He was born with a rare form of cancer called retinoblastoma, and in order to save his life he had surgery to remove his eyes at thirteen months. He doesn’t remember a time when he didn’t “click” as a way to navigate the world around him. He calls the skill “flash sonar” but it is more commonly known by it’s scientific name, echolocation. It’s the same skill used by bats and dolphins, and Kish has mastered it to such an extent that he can tell the difference between a car, a pick up truck and an SUV. He can even tell how far a car is from a curb and detect a building 1000 feet away. In the interview with Mr. Kish on NPR, his mother made some comments as well. She said that soon after his surgery, Daniel’s grandmother suggested to her that she wrap him in cotton so that he was protected from the world. His mom made a decision at that point. She wanted her son to have a life that was as typical as possible. She never dissuaded him from using echolocation. Many people find “clicking” socially unacceptable, but she knew it was an essential tool for her son to know what was around him. His precision with it grew as he got older. In high school with a near perfect grade point average, he was voted most likely to succeed. He eventually graduated college with two Master’s degree’s, one in developmental psychology and the other in special education. He never intended to teach echolocation to others, but eventually he was drawn to it.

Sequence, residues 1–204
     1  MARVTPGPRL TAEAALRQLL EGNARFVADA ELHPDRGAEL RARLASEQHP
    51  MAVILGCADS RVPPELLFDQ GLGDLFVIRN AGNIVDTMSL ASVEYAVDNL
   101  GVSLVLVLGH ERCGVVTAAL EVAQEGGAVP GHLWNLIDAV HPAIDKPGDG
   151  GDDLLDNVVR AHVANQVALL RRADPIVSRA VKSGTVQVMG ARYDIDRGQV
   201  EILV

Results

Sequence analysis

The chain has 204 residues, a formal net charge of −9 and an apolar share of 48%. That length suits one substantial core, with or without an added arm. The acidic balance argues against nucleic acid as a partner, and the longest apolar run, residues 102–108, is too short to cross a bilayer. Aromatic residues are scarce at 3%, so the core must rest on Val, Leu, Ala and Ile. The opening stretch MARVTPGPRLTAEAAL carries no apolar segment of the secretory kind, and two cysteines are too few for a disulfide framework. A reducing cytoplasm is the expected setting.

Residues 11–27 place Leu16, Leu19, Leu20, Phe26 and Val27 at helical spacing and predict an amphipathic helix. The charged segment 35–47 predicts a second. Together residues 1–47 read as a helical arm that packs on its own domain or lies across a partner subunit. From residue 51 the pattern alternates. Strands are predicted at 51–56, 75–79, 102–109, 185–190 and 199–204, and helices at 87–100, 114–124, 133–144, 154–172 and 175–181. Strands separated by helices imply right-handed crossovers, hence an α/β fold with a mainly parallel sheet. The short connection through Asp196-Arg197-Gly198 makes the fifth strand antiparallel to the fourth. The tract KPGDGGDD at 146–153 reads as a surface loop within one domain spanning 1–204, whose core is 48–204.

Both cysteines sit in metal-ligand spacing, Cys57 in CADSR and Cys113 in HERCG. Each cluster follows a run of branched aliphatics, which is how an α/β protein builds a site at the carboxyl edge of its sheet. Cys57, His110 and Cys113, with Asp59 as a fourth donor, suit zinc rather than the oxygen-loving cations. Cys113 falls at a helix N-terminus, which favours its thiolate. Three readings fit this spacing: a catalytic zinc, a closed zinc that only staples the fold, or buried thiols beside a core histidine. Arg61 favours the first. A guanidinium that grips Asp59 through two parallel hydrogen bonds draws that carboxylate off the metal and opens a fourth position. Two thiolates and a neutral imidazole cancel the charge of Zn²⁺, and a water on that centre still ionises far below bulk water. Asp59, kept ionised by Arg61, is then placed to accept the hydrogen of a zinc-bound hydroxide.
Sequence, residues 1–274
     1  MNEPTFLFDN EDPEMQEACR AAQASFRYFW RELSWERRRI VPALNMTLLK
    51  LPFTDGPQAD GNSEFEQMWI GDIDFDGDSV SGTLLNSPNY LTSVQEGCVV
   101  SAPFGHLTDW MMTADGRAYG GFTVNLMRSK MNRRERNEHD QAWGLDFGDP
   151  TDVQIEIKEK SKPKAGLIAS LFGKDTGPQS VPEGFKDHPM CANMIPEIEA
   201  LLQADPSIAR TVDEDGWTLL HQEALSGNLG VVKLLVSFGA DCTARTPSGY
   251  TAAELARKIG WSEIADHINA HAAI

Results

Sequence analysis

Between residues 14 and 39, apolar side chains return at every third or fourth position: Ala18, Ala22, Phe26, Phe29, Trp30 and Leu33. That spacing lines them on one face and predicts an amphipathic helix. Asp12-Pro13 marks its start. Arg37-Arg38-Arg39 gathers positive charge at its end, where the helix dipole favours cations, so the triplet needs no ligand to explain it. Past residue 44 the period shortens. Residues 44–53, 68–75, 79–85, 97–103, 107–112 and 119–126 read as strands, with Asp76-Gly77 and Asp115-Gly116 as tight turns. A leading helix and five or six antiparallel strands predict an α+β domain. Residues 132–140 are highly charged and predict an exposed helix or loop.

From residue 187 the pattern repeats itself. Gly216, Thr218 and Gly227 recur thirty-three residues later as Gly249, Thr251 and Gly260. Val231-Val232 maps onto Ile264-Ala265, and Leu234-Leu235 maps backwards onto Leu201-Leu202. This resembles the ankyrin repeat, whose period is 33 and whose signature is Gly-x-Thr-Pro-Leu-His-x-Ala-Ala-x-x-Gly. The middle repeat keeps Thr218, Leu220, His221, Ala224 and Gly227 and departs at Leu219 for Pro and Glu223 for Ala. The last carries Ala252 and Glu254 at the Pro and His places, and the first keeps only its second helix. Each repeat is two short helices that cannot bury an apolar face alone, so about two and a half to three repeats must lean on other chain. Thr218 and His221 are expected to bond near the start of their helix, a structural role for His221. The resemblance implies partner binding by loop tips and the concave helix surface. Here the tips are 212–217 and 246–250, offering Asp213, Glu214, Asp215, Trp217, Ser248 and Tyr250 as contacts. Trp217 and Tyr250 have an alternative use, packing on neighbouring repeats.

“Young people are especially hard hit,” Kish says. He recalls visiting a school for blind students where young children were guided everywhere they went, and people that were sighted brought their food to them. It makes sense to him, given that background, that some people who are blind run into walls when they are trying to get themselves around. He wants to teach echolocation to other people who are blind he says, because “running into a pole is disappointing, but not being given the opportunity to run into a pole is a disaster. Most blind kids hear a lot of negative talk,” Kish said, “Don’t do this, don’t do that, don’t move. No, here, let me help you. The message you get if you are blind is you’re intellectually deficient, your emotionally deficient, you are in all ways deficient.” Daniel Kish says “That psychology becomes inculcated in the blind person, absorbed and translated into physical reality.”